In a statement on 10 November the UN Office for the Coordination of Humanitarian Affairs (OCHA) said the funding sought would be used to provide food, water and sanitation, health and nutrition services, shelter, protection and education.
According to OCHA, 3,264 houses were totally destroyed or damaged beyond repair, and 20,000-25,000 people were made homeless in Hadramaut Governorate.
"The timeline for the humanitarian assistance will range from two to six months, with the food assistance expected to extend until the next harvest in April 2009," the statement said.
Thousands of hectares of agricultural land, as well as roads and bridges, were destroyed by the floods. State-run media said the World Bank estimated the damage at US$1 billion.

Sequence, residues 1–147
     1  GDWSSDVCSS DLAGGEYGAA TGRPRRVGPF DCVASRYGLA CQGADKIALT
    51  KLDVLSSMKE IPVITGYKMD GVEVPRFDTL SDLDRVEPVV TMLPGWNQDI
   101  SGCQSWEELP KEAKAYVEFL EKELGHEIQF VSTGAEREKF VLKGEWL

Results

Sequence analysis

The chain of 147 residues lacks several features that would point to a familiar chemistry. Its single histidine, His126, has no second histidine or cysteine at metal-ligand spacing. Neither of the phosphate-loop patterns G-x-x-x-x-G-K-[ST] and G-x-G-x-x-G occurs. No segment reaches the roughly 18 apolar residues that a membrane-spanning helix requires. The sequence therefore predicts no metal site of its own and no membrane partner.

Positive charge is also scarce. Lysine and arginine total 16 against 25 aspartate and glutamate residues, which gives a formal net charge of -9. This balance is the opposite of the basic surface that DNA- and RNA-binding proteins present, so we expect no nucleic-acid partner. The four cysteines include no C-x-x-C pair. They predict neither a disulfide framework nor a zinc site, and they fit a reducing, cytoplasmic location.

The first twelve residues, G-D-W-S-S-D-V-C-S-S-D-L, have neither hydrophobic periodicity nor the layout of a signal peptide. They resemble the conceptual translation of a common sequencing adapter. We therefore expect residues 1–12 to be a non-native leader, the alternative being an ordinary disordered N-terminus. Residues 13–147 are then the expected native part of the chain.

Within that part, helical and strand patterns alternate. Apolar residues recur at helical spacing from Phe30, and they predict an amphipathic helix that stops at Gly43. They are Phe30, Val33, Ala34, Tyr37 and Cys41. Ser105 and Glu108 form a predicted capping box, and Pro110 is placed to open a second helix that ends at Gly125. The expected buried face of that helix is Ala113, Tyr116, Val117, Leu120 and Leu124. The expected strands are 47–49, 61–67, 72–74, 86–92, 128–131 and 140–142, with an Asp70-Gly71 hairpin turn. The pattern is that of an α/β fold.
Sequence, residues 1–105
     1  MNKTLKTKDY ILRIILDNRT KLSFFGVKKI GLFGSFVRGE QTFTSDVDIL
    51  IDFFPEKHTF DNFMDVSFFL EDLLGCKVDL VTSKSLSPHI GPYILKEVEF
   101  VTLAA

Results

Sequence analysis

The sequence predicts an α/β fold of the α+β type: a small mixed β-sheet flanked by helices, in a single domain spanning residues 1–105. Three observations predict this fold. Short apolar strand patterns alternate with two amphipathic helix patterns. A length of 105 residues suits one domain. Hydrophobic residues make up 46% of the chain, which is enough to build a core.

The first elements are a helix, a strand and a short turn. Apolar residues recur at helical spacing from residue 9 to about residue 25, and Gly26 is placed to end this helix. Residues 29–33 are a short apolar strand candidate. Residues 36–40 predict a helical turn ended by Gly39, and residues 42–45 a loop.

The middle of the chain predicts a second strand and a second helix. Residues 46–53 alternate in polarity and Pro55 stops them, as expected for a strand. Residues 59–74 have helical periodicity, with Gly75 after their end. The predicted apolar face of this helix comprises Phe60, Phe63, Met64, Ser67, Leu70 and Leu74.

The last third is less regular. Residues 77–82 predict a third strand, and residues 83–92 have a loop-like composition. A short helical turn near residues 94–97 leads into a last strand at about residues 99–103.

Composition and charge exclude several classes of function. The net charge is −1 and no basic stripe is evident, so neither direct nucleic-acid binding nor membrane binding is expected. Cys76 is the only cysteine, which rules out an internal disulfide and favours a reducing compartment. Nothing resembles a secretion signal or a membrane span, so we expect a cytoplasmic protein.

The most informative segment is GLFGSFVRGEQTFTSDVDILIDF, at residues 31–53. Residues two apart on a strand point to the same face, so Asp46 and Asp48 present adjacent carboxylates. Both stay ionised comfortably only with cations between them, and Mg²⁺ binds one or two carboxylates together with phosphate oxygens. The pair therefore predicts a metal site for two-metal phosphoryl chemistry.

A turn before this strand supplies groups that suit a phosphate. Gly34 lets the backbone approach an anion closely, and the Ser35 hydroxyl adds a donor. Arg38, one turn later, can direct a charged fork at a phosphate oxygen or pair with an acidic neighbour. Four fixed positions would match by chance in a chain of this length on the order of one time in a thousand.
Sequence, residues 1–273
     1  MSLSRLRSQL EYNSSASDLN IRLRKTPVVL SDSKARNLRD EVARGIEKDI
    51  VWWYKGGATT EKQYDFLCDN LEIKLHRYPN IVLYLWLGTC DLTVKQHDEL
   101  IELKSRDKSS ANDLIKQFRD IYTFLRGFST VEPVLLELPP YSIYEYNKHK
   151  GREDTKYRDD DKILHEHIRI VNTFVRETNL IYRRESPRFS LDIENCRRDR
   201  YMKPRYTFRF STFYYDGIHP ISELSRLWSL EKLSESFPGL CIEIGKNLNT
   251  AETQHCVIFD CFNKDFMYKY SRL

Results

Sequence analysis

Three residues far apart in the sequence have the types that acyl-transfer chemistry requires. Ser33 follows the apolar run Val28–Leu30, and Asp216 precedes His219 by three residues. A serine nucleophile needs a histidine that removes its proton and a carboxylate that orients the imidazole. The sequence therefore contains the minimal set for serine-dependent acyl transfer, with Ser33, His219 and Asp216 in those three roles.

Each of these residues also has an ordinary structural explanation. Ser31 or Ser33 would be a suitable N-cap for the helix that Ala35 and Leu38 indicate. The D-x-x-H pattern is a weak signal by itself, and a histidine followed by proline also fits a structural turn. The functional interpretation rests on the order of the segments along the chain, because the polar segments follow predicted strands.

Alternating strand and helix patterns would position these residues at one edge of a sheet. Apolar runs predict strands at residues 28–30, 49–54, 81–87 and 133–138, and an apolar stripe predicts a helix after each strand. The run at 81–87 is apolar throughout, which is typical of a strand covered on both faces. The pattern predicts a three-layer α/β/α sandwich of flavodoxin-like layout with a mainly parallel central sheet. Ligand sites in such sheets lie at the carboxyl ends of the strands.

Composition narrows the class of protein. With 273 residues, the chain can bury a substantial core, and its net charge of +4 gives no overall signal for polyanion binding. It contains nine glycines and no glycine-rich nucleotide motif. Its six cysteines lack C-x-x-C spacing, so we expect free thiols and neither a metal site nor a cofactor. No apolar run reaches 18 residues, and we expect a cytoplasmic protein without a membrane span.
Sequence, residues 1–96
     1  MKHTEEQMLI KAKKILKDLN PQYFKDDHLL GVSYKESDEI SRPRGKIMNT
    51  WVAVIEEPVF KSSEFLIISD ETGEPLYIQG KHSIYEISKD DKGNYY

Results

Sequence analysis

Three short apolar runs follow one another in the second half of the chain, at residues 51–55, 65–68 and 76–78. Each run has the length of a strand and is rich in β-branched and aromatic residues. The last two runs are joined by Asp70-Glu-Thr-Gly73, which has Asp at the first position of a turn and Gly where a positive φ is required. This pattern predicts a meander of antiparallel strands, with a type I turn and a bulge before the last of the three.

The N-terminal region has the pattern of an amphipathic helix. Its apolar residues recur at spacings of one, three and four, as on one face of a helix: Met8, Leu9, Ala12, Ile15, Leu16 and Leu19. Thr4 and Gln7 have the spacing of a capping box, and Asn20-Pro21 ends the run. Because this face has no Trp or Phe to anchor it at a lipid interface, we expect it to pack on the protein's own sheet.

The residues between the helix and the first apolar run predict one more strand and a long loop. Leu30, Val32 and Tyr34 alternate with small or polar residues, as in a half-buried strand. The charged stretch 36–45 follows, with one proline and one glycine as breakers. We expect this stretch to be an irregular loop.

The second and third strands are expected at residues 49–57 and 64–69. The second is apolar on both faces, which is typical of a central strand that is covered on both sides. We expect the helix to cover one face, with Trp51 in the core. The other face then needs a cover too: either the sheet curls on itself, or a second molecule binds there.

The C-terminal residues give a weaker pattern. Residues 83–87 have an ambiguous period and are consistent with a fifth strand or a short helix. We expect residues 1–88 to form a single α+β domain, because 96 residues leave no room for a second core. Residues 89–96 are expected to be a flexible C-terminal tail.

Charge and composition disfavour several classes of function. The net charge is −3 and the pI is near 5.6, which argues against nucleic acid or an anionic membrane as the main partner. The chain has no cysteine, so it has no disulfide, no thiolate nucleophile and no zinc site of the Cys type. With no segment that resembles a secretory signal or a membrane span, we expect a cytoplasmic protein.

Ahmed al-Haddad, head of Economic Development, a government body in Mukalla, said infrastructural facilities - electricity, water, telecommunications and roads - had been affected.
"The disaster was bigger than could be imagined," he told IRIN, adding that the damage would hinder achievement of the Millennium Development Goals, and that Mukalla District had been particularly hard hit.
Ramadan Aboud, head of the Planning Ministry's office in Seyoun, said a 2006-2015 development strategy for Hadramaut Valley's 16 districts may now have to be revised.
"The floods have damaged the infrastructure, and this has now placed restrictions on our ambitious targets," he told IRIN.
According to Aboud, the authorities should "study and analyse the reasons for the havoc caused in Hadramaut. and also take into consideration climate change." Reconstruction would require local and foreign funds, he added.